UHDoctor.org

HEMATOLOGY UPDATE: Cell Therapy

Hematology Update - Summer 2018

It’s all about cells!

Harnessing cells of the immune system to eradicate various types of cancer has been a strong focus of cancer research in our program over the past five years. Here we highlight two new cellular immunotherapy clinical trials available for treating patients with blood cancers, metastatic colon cancer and sarcoma. In both trials, the cells will be manufactured at our cell therapy facility.

Dr. Folashade Otegbeye is leading a Phase I trial in which natural killer cells (NK cells) are obtained from the blood of healthy volunteers and then allowed to grow in our FACT accredited, GMP-grade laboratory. While the NK cells are growing in the lab, they are stimulated with feeder cells and cytokines, which cause them to generate a large number of highly activated cancer-fighting NK cells. In Dr. David Wald’s lab, Dr. Otegbeye has shown that the NK cells resulting from this type of manufacturing are able to eradicate several types of acute leukemia, colon cancer and sarcoma in non-human models of disease. These results led to the design of the trial CASE2Z16, which is now open to enroll and treat patients who have leukemia, lymphoma, myeloma, colon cancer and sarcoma if their disease has relapsed or is not responding to standard, first-line treatments.

Dr. Paolo Caimi is treating patients with non-Hodgkin’s lymphoma that is refractory to standard first-line with chimeric antigen receptor (CAR) T cells targeting CD19. This is our first in-house manufactured CAR T study. Cells are manufactured in our cell processing laboratory under the direction of Jane Reese-Koc, Operations Director, Cellular Therapy Service.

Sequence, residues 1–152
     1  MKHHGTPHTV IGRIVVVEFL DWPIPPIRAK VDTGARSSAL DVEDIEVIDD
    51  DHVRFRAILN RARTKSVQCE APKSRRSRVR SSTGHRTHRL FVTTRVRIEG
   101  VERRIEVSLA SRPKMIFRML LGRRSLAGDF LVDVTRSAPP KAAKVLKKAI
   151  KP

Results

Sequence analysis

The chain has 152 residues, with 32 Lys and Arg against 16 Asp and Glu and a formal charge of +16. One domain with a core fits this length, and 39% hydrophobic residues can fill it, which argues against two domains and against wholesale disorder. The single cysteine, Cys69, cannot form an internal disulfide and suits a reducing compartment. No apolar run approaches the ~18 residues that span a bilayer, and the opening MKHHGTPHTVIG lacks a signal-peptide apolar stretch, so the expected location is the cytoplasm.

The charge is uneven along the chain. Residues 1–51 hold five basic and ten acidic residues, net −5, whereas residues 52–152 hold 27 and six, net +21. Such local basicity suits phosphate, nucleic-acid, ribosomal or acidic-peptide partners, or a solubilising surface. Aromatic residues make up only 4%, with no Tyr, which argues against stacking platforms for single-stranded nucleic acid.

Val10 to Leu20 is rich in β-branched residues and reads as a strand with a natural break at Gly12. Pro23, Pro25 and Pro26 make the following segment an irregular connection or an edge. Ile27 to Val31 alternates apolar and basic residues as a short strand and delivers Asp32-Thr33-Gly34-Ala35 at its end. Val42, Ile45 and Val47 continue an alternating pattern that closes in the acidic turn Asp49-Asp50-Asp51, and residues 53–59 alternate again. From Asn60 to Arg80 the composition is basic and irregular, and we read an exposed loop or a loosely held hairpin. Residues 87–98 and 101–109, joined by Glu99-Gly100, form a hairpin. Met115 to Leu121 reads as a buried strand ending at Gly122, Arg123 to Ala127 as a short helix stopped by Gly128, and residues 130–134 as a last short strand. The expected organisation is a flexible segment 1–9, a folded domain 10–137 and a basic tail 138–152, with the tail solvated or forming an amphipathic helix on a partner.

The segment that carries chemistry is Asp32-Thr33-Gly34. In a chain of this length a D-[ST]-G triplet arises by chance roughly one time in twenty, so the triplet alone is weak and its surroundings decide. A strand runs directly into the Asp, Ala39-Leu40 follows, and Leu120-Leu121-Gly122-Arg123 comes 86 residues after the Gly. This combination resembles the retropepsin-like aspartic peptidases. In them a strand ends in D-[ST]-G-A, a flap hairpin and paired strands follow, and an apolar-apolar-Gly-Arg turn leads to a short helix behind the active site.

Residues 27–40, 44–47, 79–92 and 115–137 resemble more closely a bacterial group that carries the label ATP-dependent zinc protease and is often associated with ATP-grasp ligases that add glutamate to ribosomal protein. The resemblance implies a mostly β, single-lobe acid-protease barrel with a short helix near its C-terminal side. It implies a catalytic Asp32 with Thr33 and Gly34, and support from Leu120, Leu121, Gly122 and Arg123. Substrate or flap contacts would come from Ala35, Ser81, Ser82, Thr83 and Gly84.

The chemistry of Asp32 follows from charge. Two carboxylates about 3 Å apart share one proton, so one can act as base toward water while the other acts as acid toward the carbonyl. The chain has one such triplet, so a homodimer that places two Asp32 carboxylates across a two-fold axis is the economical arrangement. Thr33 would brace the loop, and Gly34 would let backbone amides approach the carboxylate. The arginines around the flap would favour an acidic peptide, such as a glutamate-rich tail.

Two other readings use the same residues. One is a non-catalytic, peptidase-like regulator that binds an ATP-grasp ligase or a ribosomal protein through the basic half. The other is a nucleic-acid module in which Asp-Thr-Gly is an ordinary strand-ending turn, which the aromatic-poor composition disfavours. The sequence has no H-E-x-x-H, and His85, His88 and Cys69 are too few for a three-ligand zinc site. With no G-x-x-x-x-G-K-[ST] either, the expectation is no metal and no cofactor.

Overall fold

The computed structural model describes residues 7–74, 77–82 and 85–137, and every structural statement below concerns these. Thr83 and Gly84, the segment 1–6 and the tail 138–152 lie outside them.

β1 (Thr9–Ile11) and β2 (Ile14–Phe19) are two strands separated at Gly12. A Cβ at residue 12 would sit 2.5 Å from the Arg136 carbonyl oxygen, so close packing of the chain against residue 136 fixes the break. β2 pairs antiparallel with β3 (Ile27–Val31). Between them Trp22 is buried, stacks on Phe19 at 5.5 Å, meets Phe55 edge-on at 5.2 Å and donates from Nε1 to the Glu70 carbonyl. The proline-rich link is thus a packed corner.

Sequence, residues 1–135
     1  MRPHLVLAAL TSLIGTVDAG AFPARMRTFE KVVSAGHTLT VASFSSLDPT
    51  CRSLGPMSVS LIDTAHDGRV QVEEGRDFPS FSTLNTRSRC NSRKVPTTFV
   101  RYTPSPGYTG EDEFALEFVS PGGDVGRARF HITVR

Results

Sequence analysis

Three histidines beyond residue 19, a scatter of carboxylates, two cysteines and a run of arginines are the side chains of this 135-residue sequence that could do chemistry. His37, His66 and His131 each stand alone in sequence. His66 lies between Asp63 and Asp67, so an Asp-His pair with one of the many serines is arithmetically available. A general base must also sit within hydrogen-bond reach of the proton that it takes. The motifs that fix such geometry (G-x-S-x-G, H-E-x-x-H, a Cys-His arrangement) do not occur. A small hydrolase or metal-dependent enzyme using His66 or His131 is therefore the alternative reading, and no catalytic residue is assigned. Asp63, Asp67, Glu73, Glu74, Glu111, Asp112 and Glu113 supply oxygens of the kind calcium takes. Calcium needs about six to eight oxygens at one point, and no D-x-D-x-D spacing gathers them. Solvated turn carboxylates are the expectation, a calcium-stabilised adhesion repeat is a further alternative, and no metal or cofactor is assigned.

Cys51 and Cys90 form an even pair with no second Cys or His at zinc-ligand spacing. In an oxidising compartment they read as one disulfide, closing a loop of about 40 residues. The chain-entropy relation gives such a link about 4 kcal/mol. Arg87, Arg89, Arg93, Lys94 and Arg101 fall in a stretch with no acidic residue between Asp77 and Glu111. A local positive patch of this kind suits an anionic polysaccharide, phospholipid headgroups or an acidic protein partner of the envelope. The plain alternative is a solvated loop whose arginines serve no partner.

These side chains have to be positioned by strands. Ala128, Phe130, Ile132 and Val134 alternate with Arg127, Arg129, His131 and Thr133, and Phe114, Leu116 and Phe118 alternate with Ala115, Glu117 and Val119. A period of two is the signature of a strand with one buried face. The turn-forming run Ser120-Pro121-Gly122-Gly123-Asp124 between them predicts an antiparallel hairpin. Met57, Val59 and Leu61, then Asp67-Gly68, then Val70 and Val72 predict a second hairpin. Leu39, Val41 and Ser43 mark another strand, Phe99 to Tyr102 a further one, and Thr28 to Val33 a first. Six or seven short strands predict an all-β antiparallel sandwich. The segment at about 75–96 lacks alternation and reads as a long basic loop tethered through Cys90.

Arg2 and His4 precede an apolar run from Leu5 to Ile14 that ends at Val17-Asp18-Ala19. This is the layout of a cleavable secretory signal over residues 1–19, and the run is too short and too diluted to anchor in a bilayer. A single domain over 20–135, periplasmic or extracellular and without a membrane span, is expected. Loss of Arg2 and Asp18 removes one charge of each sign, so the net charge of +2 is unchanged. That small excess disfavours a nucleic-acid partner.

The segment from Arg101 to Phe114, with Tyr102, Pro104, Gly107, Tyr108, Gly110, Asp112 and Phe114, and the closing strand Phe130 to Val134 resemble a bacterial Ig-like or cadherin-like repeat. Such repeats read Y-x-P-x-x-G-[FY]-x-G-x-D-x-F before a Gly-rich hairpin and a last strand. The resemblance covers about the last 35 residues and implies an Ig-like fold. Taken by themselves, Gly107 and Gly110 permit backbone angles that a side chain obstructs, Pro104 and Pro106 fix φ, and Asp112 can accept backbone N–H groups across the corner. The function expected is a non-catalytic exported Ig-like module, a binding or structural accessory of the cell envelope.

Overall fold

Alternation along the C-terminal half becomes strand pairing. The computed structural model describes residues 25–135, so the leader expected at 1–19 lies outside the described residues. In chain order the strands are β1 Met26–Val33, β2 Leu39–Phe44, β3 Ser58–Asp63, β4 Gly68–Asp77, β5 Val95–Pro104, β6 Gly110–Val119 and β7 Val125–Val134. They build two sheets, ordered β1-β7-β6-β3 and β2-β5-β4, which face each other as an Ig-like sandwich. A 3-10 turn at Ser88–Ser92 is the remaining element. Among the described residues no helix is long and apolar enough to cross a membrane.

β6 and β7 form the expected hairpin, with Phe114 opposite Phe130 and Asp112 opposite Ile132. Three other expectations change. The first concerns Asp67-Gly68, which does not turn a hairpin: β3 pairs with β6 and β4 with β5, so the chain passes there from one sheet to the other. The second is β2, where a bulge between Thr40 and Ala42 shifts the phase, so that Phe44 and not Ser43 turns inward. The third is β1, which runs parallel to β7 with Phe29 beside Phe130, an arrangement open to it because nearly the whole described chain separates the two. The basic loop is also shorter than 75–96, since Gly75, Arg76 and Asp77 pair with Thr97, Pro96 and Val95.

CAR T cell machine

CAR T cells are genetically modified patient T cells, with the introduction of a receptor that includes parts of an antibody that allow these modified T cells to target specific antigens. In this trial, CAR T cells are modified to target CD19, a protein found on the surface of many non-Hodgkin lymphomas of the B cell subtype. Attachment of the CAR T cells to their target results in T cell activation and anti-tumoral immune response. CAR T cells targeting CD19 have demonstrated promising activity against multiple types of B cell non Hodgkin lymphoma. This clinical trial, CASE2417, is now open to enrollment.

 

Sincerely,


Paolo Caimi, MD
Hematologist/Oncologist
UH Seidman Cancer Center
Assistant Professor of Medicine
Case Western Reserve University School of Medicine
Paolo.Caimi@UHhospitals.org

Folashade Otegbeye, MD, MPH
Hematologist/Oncologist
UH Seidman Cancer Center
Assistant Professor of Medicine
Case Western Reserve University School of Medicine
Folashade.Otegbeye@UHHospitals.org

Marcos de Lima, MD
Director, Bone Marrow Transplant
UH Cleveland Medical Center
Director, Hematologic Malignancies and Stem Cell Transplant Program
UH Seidman Cancer Center
Professor of Medicine
Case Western Reserve University School of Medicine
Marcos.delima@UHhhospitals.org

 

Related articles